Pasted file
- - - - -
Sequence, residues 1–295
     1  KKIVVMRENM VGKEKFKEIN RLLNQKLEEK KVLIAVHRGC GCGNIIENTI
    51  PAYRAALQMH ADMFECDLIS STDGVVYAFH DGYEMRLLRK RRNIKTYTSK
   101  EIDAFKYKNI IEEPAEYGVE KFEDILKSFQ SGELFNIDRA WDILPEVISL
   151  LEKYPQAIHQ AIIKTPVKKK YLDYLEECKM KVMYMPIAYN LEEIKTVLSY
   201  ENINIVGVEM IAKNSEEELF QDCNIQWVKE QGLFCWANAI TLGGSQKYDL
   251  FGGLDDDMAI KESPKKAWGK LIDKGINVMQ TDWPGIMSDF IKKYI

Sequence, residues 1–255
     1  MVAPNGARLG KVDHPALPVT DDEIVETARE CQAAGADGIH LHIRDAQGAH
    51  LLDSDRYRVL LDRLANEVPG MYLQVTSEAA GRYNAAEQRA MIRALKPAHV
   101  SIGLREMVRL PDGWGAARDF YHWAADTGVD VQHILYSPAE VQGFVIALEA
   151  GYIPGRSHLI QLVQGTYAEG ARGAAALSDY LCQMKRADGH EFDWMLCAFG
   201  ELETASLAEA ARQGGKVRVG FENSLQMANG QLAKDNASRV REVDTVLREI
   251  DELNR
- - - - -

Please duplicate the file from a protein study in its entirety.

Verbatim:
Sequence, residues 1–295
     1  KKIVVMRENM VGKEKFKEIN RLLNQKLEEK KVLIAVHRGC GCGNIIENTI
    51  PAYRAALQMH ADMFECDLIS STDGVVYAFH DGYEMRLLRK RRNIKTYTSK
   101  EIDAFKYKNI IEEPAEYGVE KFEDILKSFQ SGELFNIDRA WDILPEVISL
   151  LEKYPQAIHQ AIIKTPVKKK YLDYLEECKM KVMYMPIAYN LEEIKTVLSY
   201  ENINIVGVEM IAKNSEEELF QDCNIQWVKE QGLFCWANAI TLGGSQKYDL
   251  FGGLDDDMAI KESPKKAWGK LIDKGINVMQ TDWPGIMSDF IKKYI

Sequence, residues 1–255
     1  MVAPNGARLG KVDHPALPVT DDEIVETARE CQAAGADGIH LHIRDAQGAH
    51  LLDSDRYRVL LDRLANEVPG MYLQVTSEAA GRYNAAEQRA MIRALKPAHV
   101  SIGLREMVRL PDGWGAARDF YHWAADTGVD VQHILYSPAE VQGFVIALEA
   151  GYIPGRSHLI QLVQGTYAEG ARGAAALSDY LCQMKRADGH EFDWMLCAFG
   201  ELETASLAEA ARQGGKVRVG FENSLQMANG QLAKDNASRV REVDTVLREI
   251  DELNR